descrtci   _„.*   ■;';;-"
have   been   tern;
rifle   nr   ours   i?
off   tike   flier-
"tt'_  ;;   -o.itte-r
-^Hir--.    -Vf;i-i-;
le   Thar,   new
AnnfK'.se:   us
-'   ab,.> ■:     --rvn-
buddie  before  he.  shoots T H E '    ? I A N K
■■■Tii»v_ay,.'October '2-5, 1966
FOOLS  CORNER
Read and retch
I had eighteen bottles of
whiskey in my cellar and 1
was told by my wife to empty
the contents of each and every
bottle down the sink ... or
else.
So I said I  would and p-O-
cork of the next and drank
one sink out of it, then drew
I he  rest  down the glass.
I pulled the sink out of the
next glass and poured the cork
down the bottle, then I corked
the sink with  the glass bottle
ceeded with the unpleasant j and drink and drank the pour.
task. I withdrew the cork j When I had everything emp-
from the first bottle and pour- j Ued> t steadied the house with
ed the contents down the sink,! oae haLndr counted the glasses,
with the exception of on* I TOrkS) bottles, and sink with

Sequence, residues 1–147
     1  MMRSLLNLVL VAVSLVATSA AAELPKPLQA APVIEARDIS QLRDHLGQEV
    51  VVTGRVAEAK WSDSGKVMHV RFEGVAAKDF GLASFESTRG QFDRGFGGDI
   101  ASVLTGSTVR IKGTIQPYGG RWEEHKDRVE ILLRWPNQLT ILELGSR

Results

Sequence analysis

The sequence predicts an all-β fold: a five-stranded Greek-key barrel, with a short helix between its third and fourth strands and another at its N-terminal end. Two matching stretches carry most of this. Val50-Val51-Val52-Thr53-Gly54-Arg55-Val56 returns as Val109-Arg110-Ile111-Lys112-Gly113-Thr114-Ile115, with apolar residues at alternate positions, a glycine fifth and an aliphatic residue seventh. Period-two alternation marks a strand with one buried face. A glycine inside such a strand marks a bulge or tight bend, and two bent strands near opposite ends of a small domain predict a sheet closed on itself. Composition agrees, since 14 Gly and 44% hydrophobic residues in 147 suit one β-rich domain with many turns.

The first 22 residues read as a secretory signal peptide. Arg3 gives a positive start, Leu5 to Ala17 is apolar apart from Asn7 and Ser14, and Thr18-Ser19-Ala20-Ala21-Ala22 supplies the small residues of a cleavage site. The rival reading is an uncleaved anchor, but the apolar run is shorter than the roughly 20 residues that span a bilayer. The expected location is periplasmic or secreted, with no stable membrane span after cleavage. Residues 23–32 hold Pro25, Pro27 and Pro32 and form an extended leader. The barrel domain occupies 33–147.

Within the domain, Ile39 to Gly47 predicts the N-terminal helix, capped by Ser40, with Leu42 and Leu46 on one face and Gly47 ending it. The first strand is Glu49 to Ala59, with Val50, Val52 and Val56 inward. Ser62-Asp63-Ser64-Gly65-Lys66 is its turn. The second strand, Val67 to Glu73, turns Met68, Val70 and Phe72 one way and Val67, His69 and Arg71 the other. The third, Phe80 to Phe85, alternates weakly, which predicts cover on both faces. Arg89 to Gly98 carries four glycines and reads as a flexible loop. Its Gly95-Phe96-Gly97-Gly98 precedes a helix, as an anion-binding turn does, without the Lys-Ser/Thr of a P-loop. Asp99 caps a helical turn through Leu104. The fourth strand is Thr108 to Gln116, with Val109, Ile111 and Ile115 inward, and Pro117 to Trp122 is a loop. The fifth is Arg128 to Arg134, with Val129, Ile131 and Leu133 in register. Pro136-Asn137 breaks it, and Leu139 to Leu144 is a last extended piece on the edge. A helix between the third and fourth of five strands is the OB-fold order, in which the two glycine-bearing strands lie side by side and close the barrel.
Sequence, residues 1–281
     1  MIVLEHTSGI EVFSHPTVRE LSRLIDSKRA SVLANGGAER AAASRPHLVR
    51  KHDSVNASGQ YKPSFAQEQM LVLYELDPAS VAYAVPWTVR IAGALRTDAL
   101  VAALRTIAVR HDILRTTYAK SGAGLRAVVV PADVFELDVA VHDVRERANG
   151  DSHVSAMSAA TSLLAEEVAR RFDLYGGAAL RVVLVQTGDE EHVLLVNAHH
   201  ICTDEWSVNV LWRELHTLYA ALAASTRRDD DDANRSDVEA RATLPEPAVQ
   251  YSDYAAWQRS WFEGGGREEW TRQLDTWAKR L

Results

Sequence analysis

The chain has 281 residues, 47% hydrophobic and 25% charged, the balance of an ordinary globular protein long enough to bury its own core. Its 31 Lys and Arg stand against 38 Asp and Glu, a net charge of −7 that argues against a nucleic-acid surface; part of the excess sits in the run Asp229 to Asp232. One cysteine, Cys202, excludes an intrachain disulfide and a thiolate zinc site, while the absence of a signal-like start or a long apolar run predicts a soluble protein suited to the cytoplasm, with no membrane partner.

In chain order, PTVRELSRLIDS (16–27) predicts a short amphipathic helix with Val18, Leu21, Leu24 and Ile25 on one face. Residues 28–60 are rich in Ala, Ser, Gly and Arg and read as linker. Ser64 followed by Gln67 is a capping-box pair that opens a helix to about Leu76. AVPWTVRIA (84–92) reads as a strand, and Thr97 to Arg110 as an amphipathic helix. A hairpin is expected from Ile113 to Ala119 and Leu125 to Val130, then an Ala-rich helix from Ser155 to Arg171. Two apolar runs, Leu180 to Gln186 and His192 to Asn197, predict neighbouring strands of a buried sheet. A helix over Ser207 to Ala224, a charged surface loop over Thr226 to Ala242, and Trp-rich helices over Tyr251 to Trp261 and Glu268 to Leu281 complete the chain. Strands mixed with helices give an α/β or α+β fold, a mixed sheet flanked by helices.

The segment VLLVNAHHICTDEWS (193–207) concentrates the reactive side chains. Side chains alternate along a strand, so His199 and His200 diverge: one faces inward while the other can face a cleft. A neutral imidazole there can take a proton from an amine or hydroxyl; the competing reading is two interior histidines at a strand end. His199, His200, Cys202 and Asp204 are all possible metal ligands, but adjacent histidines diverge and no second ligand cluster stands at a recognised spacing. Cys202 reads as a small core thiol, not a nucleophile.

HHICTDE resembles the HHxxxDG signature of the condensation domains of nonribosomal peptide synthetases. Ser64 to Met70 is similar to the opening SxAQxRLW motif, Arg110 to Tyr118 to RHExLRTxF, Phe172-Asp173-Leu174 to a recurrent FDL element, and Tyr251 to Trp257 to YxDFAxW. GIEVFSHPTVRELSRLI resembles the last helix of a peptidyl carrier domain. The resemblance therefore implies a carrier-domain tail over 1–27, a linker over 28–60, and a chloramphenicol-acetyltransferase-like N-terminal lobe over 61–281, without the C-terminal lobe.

glass,   which  I drank. j the otner> wriich were 79 and
I extracted  the  cork  from! as the house came by I count-
the    second    buttle    and    did j ed them again and finally had
likewise with it, with the ex- j all  the   houses  in   one  bottle
eeption of one glass,  which 1 ) which 1 drank.
drank.   I   then   withdrew   the'     I  am  not   under  the  infli.-
cork from the third and poured the contents down the sink,
which I drank.
I. pulled the cork from the
fourth bottle down the sink
and poured the bottle down
the glass whieh I drank.
enee of ineohol way the toy
though thinkle peep  I  am.
I am not half as thunk as
you might drink.
I fool so feelish, I don't
know which is-me and the
drunker    I    stand    here   the
I pulled the bottle from the j longer I get.